by Bargis on 04/02/11 at 7:39 am
Los Angeles, CA- (satireworld.com)
Ever since the popular series of books and movies about the fictionalized character Harry Potter were released, Police have reported a steady and upward rising number of thefts that have been connected to Harry Potter wannabees.
"We've been receiving at least 75 complaints a day since this Harry Potter crap began a number of years ago!" Claims Sargent Roscoe Miller of the LA police department.
"We cannot keep broom replacements in stock!" Claims Oliver Norton, the proprietor of the Clean Sweep Shoppe in Dover.
It seems natural brooms have disappeared all over the UK and in the US, as Potter-mania has swept both countries and their youngsters literally off their feet.
This is not without a dark side to this report. Scores of young men and women felt convinced they too could fly with a broom between their legs and have attempted to 'fly' off of multi-story buildings. Of course gravity was the usual rude awakening and deaths have soared in recent years as kids completed a perfect 'header' into some rather unforgiving concrete.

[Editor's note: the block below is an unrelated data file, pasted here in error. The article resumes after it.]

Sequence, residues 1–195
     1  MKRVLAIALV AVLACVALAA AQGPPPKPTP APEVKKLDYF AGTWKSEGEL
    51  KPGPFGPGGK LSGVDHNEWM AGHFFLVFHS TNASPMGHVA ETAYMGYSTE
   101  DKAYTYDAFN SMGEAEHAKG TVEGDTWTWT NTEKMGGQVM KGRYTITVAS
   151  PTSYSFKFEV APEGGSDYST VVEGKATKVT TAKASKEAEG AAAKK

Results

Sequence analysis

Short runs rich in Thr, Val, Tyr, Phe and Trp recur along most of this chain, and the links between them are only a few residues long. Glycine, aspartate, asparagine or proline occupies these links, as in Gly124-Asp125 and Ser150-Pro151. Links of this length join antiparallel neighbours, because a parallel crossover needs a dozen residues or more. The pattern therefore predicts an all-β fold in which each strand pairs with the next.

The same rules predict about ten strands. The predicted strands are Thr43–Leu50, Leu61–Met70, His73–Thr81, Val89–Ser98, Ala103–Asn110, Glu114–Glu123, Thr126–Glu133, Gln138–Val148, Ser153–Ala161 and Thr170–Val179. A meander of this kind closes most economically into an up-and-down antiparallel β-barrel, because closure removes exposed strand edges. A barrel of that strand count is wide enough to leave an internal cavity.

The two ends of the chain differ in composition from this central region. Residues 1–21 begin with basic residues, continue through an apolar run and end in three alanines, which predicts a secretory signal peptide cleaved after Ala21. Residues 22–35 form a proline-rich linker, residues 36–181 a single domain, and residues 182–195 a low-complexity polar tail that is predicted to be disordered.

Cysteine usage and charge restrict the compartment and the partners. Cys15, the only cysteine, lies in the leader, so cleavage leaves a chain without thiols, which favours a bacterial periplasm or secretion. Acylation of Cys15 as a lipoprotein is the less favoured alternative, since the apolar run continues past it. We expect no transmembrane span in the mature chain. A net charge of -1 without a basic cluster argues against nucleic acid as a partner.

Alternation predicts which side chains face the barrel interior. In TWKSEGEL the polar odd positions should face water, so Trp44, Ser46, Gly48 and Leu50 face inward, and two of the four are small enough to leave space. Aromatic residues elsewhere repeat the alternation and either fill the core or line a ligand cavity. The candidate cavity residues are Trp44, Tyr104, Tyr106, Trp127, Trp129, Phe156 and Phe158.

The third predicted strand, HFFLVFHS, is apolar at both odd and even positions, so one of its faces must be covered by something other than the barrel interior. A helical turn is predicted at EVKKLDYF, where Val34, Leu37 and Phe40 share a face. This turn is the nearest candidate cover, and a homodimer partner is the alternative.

In lieu of a public outcry concerning safety issues, police have instituted stricter controls over all brooms and have instituted a series of background checks and a three-day waiting period before a purchase can be completed.
Some of the other props used in the movie series have caused youngsters to seek a similar items to play-out the Harry Potter character to a greater height of believability, mostly for the benefit of their friends. For instance, the grainy substance ‘Floo Powder’ used in the movie has been substituted with the easier to obtain but illegal drug heroin, which is much easier to find from local street dealers. Reports of super drugged kids waving long, pointed sticks at each other in a paradoy of ‘casting a Hogwart’s spell,’ have caused several adolescents complications due to severe eye injuries.
In other news, the Dyson Corporation has reported vacuum cleaner sales have risen dramatically since the crackdown on brooms began in January.